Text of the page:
Figure 3. MIAT upregulates ENC1 expression through MYC. (A) The subcellular localization of MIAT. CN RCI < 0 indicates that lncRNA is expressed in the nucleus, and CN RCI > 0 indicates that lncRNA is expressed in the cytoplasm. (B) After the nucleus and cytoplasm of HBEC-5i cells were separated, MIAT expression was detected by RT-qPCR. GAPDH was a marker of cytoplasm and U6 was a marker of nucleus. (C) The downstream TFs of MIAT analyzed by PPI analysis. The redder the color, the higher the core degree was Vice versa, the bluer the color, the lower the core degree was. (D) RNA pull down to detect the binding of MYC with MIAT. (E) RIP to detect the binding of MYC with MIAT. (F) The Venn map of the differentially expressed genes in the microarray GSE75436 and the downstream genes of TF MYC, and the intersection was ENC1. (G) The enrichment of MYC binding to the promoter region of ENC1 by ChIP. (H) MIAT expression in endothelial cells after overexpressing or silencing MIAT detected by RT-qPCR. (I) MYC mRNA expression in endothelial cells after overexpressing or silencing MIAT detected by RT-qPCR. (J) ENC1 expression in endothelial cells after overexpressing or silencing MIAT detected by RT-qPCR. (K) Protein expression of MYC and ENC1 in endothelial cells after overexpressing or silencing MIAT determined by Western blot analysis. (L) The regulatory effect on ENC1 by MIAT and MYC detected by dual luciferase reporter gene assay. *p < 0.05, ns p > 0.05. The measurement data were expressed as mean ± standard derivation, comparisons among multiple groups were analyzed by one-way ANOVA and followed by Tukey’s post hoc test, and the cell experiment was conducted three times independently.
Next, 41 downstream genes of the MIAT-MYC-Gene regulatory pathway were screened out, that is, 41 downstream genes of the TF MYC. An intersection was taken between these genes and the differentially expressed genes obtained in the microarray GSE75436, and ENC1 was obtained from the Venn map (Figure 3F). Since ENC1 was associated with various cancers and brain diseases, we intended to investigate the existence of an association between ENC1 and IA (Fujita et al., 2001; Lee et al., 2016; Fan et al., 2019).
After silencing or overexpression of MIAT in the endothelial cells, RT-qPCR (Figures 3H–J) and Western blot analysis (Figure 3K) displayed that silencing or overexpression of MIAT did not affect MYC expression but could regulate the ENC1 expression. Chromatin immunoprecipitation (ChIP) assay revealed that MYC could bind to the promoter region of ENC1 and silencing MIAT caused the decline of the binding (Figure 3G). Furthermore, dual luciferase reporter assay revealed that silencing MIAT reduced the luciferase activity of ENC1-prom-WT, which was restored by MYC, whereas there was no significant difference in luciferase activity among each group after mutation of the binding site sequence (Figure 3L). Conjointly, MIAT binds to MYC, thereby upregulating ENC1 expression.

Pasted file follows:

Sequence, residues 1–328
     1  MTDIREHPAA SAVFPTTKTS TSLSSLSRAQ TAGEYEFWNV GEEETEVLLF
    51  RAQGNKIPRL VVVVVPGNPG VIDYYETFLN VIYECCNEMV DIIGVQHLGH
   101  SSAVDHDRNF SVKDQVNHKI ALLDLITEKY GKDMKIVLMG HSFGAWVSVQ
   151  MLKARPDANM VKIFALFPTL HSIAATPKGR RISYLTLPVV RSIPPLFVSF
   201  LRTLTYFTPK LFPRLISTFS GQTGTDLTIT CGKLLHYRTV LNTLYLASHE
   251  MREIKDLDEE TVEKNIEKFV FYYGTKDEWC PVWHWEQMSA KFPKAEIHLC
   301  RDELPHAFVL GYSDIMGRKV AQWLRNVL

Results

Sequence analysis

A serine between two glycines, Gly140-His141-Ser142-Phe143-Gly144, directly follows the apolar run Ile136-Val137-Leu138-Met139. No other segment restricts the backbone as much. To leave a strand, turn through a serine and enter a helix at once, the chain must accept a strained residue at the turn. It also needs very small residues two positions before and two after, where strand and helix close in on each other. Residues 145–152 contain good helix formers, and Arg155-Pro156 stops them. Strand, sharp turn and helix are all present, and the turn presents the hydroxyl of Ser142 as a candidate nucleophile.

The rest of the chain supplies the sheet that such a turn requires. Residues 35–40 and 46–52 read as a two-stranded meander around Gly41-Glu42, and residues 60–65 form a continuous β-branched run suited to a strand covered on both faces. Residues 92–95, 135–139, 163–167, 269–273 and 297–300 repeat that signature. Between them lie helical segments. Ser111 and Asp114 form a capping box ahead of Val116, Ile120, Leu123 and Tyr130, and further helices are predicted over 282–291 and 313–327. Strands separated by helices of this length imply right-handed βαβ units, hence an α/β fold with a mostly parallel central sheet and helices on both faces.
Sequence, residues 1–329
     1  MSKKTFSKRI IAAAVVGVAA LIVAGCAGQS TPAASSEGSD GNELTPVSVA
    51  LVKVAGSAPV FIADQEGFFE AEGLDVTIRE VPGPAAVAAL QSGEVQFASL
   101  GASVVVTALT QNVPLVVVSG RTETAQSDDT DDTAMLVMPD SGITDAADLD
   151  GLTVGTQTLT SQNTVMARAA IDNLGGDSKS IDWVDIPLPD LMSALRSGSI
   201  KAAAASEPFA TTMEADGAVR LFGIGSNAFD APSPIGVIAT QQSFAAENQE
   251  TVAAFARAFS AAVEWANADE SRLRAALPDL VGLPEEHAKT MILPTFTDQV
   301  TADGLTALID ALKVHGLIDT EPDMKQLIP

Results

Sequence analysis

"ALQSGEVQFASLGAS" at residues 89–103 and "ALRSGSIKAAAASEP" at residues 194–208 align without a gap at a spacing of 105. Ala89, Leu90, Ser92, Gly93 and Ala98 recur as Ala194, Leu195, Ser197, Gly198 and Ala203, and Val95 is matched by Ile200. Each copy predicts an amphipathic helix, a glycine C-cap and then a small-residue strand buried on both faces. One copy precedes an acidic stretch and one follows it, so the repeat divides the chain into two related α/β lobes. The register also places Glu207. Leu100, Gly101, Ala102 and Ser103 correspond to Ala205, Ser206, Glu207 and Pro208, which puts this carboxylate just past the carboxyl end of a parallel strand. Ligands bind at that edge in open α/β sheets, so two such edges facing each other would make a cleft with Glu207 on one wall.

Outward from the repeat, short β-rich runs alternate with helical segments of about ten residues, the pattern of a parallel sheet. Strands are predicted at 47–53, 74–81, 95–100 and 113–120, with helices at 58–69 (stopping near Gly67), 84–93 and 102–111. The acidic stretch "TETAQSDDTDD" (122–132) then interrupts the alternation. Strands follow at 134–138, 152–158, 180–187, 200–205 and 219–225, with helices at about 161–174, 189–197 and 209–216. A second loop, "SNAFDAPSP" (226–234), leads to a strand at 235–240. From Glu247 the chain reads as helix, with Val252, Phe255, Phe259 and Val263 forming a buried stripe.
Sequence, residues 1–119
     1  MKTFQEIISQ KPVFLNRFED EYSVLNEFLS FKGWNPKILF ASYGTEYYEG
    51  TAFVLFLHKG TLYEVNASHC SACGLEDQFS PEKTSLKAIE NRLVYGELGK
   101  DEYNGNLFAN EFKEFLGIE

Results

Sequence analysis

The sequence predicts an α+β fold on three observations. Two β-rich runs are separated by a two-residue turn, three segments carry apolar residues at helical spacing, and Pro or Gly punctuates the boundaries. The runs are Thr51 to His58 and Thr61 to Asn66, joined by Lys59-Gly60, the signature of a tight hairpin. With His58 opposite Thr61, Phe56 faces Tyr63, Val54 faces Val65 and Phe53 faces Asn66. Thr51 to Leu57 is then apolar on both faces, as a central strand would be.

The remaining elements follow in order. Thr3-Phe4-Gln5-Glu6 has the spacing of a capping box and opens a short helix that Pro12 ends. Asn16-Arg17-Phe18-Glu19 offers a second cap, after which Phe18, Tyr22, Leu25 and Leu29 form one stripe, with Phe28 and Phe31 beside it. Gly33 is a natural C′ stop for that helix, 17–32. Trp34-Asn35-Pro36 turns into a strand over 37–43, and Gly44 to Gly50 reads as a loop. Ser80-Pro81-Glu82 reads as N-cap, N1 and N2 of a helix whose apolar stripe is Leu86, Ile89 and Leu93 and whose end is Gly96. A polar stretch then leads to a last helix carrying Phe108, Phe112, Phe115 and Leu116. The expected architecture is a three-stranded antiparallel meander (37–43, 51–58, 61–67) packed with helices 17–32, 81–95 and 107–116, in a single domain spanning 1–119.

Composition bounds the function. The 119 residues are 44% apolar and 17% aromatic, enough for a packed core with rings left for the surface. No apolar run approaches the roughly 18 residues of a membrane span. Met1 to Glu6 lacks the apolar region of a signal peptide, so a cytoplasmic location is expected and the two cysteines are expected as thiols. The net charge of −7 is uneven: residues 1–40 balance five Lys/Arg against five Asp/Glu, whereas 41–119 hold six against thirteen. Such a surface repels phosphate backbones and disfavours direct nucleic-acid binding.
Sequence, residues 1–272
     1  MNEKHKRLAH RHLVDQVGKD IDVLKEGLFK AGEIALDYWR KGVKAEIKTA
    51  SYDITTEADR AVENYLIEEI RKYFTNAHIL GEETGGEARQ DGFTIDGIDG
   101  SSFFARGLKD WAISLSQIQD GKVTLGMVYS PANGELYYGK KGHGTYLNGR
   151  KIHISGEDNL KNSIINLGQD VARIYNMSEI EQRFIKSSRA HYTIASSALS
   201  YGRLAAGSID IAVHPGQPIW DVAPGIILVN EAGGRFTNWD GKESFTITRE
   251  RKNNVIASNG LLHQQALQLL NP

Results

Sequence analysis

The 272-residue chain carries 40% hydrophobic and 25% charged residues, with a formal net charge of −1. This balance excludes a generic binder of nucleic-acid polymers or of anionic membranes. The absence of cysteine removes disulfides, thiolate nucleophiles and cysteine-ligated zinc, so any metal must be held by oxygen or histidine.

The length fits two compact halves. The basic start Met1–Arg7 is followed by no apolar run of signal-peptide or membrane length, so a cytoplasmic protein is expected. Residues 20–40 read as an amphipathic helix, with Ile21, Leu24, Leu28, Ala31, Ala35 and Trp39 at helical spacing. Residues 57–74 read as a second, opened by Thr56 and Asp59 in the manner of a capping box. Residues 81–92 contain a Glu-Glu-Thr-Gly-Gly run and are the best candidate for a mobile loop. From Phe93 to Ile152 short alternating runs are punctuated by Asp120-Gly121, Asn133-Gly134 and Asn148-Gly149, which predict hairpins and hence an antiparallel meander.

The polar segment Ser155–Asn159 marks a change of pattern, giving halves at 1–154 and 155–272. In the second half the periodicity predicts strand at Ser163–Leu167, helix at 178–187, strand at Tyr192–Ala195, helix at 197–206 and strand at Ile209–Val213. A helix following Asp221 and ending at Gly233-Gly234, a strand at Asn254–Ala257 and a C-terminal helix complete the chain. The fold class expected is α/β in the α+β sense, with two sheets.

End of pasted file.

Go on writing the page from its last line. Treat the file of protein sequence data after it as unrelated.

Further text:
ENC1 Expression Was Elevated in IA Patients, and si-ENC1 Reversed MIAT-induced Vascular Endothelial Cell Apoptosis
To explore whether ENC1 acts as a downstream target gene of the MIAT–MYC axis to orchestrate MIAT-induced vascular endothelial cell apoptosis, RT-qPCR assay revealed that ENC1 expression was significantly elevated in IA patients compared to the normal control subjects. In IA patients, ENC1 expression was significantly increased in patients with ruptured IA compared to patients with unruptured IA (Figure 4A). Moreover, ENC1 expression was positively correlated with MIAT expression (Figure 4B). Kaplan–Meier analyses showed that ruptured IA patients with high ENC1 expression exhibited reduced disease-free survival (Figure 4C) and overall survival (Figure 4D) compared to the IA patients with low ENC1 expression, presenting with a poor prognosis.
Figure 4. ENC1 expression is augmented in IA patients, and ENC1 silencing negates MIAT-induced endothelial cell apoptosis. (A) ENC1 expression in ruptured IA, unruptured IA and control samples determined by RT-qPCR. (B) Analysis of the correlation between ENC1 expression and MIAT expression. (C) The correlation between the expression of ENC1 and disease-free survival of patients with IA. (D) The correlation between the expression of ENC1 and overall survival of patients with IA. (E) The protein expression of ENC1 in vascular endothelial cells in vitro in response to oe-MIAT and sh-ENC1 alone or in combination measured by Western blot analysis. (F) Flow cytometry analysis for apoptosis of endothelial cells in response to oe-MIAT and sh-ENC1 alone or in combination. (G) The expression of apoptosis-related factors (cleaved Caspase-3, cleaved PARP1, Bax, and Bcl-2) in response to oe-MIAT and sh-ENC1 alone or in combination measured by Western blot analysis. *p < 0.05. The measurement data were expressed as mean ± standard derivation. Comparisons between two groups were analyzed by unpaired t test, while the correlation between the expression of ENC1 in patients with IA and their disease-free survival and overall survival was analyzed by Kaplan–Meier method (long-rank test). Comparisons among multiple groups were analyzed by one-way ANOVA followed by Tukey’s post hoc test, and the cell experiment was conducted three times independently.